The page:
In The Burning Sea In The Laughing Lights: Signals, Calls, and Marches Turns 40

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Mission Of Burma – Signals, Calls, and Marches

Released July 4th, 1981 on Ace of Hearts Records

Produced by Richard W. Harte

Post-punk hit its peak in 1979-1981 – a three-year period where some of the most influential and revered acts in the genre released their earliest, hottest work. Both of Joy Division’s albums came out in this period, as did the first two Gang of Four records, both Swell Maps records, and The Cure’s Seventeen Seconds and Faith. Pere Ubu’s Dub Housing makes the honorary cut, having been released at the end of 1978. Near the end of this white-hot period came what might be low-key the most influential of all: Mission of Burma and Signals, Calls, and Marches.

The band came out of Boston, which had never been the most fertile creative ground for bands in the golden age of rock ‘n’ roll. Aerosmith came out of there, to be sure, but they weren’t exactly the most startling or new band, being basically a collection of good-times Stones wannabes. There was the band named after the city, of course, but they were only cutting-edge in terms of their production; the music was standard 70’s pop hard rock. The Cars put out their debut in 1978, which was probably the most cutting-edge the city had gotten since The Standells did “Dirty Water” in 1966. This has always been an odd note in the history of American music. The city is home to several of the most well-known schools in both America and the world: Boston University, M.I.T., friggin’ Hahvaaad ferchrissakes. You would think that all those densely packed post-secondary bodies would give rise to something but until the Eighties it was an also-ran in American rock.

The Eighties changed that, and not just because that’s where the Pixies got big. I mean, seriously, most of it is because that’s where the Pixies got big; who else has had such an outsized influence on rock ‘n’ roll? Many of those same bands also took some influence from Mission of Burma, though, so we can pinpoint the moment when Boston went from rock ‘n’ roll afterthought to breeding ground of influential bands to Independence Day, 1981. Not that they’ve been as such lately but let’s not rag on the city too hard. They’re Red Sox fans after all, and that’s a big enough burden to bear.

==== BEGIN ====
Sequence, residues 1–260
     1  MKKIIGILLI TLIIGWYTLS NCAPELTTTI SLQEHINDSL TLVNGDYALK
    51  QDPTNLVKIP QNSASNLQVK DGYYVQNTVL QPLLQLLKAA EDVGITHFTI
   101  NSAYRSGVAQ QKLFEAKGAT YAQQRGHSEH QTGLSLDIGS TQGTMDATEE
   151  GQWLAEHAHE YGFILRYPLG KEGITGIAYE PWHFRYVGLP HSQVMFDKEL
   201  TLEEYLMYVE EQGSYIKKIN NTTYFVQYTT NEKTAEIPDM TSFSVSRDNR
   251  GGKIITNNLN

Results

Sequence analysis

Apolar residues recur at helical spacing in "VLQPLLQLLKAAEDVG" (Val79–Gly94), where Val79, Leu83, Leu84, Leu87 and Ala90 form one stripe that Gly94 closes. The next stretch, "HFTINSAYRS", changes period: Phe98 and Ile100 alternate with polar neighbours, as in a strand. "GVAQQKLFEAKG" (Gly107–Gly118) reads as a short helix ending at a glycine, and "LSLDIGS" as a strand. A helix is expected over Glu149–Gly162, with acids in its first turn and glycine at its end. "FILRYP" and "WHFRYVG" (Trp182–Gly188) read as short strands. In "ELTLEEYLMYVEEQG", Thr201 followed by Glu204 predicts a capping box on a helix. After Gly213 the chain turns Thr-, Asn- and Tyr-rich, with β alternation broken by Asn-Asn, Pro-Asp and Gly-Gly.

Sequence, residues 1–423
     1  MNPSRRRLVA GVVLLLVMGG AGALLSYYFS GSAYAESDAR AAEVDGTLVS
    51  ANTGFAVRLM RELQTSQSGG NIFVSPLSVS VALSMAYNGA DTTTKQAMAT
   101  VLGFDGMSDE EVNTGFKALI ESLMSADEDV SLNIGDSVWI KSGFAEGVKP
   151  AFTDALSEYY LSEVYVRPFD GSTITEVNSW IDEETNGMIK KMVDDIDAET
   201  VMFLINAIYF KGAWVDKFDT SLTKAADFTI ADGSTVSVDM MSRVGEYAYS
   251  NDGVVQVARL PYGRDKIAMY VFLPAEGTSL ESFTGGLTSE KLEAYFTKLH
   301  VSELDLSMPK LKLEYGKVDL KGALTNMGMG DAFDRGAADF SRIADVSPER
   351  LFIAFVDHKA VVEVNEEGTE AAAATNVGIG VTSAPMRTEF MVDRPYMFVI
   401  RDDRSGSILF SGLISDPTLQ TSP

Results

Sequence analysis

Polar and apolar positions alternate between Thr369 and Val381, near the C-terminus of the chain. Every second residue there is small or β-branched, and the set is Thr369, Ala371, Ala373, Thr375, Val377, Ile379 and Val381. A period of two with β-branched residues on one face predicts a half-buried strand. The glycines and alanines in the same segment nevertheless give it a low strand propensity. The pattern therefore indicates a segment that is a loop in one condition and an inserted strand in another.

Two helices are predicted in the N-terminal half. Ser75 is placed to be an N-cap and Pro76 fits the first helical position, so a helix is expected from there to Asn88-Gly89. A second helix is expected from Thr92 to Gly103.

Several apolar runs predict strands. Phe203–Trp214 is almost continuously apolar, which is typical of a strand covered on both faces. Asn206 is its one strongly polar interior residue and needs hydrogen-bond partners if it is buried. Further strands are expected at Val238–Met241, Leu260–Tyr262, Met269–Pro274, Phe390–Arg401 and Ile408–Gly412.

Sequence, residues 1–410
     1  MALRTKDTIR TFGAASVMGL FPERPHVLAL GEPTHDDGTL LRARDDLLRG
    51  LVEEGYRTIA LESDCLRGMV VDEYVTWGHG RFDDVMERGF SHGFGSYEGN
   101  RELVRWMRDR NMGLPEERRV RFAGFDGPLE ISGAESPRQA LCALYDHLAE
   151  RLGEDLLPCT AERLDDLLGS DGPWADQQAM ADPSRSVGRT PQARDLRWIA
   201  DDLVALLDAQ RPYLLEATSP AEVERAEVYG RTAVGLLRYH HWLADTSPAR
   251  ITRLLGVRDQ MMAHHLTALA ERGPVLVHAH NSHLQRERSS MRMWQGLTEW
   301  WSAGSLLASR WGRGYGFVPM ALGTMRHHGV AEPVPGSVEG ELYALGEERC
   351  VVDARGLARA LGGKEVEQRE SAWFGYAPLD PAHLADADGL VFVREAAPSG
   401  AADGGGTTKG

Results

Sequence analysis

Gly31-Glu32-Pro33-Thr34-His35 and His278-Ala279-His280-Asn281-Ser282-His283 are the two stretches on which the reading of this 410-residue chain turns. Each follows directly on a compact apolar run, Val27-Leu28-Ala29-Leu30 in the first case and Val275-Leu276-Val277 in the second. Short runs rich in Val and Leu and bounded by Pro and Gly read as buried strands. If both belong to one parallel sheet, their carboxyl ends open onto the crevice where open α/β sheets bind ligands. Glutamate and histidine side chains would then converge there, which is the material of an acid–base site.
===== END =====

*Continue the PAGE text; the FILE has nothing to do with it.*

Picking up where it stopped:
Mission of Burma had an advantage in their earliest days as they had a local record label that believed in them. Rick Harte, who owned Ace of Hearts Records, spent a great deal of time producing their songs just so; if you’ve ever caught one of their live videos on YouTube from back in those days, you’ll know that there is a vast gap between the visceral explosion of their live shows and the rather polite by contrast sound they put out on their first EP. Roger Miller has a funny story about that gap. A little while after the release – 1981 or ’82 – they were playing a show in Cleveland and beforehand a girl came up to them talking about how much she loved the band and especially how much she loved “That’s When I Reach For My Revolver”, which the band had rightly pegged as their ‘hit.’ When the show started, though, the crowd seemed almost terrified – backing up against the back wall and not applauding or cheering or even jeering the band. The band tried heckling them but the non-response continued; the crowd just didn’t know what to make of this violent, noisy band.

Someone was listening and responding, though. The band’s mix of jagged, amped-up post-punk and thoughtful, avant-garde-referencing lyrics made all sorts of people make subtle adjustments to their sounds. R.E.M.’s Murmur came out two years later, and if there isn’t an undercurrent of the same stuff that makes Signals, Calls and Marches great running through it I will eat my hat. Fugazi and Nirvana were two other groups that at one point or another claimed Mission of Burma as an influence. As big an influence as the Pixies were, they didn’t shape alternative (and later indie) rock alone; they had definite help from another hometown band. They would go on to release a full-length record, the classic Vs., in 1982 but then break up. It wasn’t until 2002 that they reformed and started putting out great music again as though there had been no time at all in the interval. As far as post-punk reunions they might be the top; they certainly fared better than Gang of Four, whose work post-reunion was mostly half-baked retreads with cringe-inducing conspiracy theories in the lyrics. They’ve actually put out twice as much material in the reunion period as they did in their original era, all of it well worth checking out.

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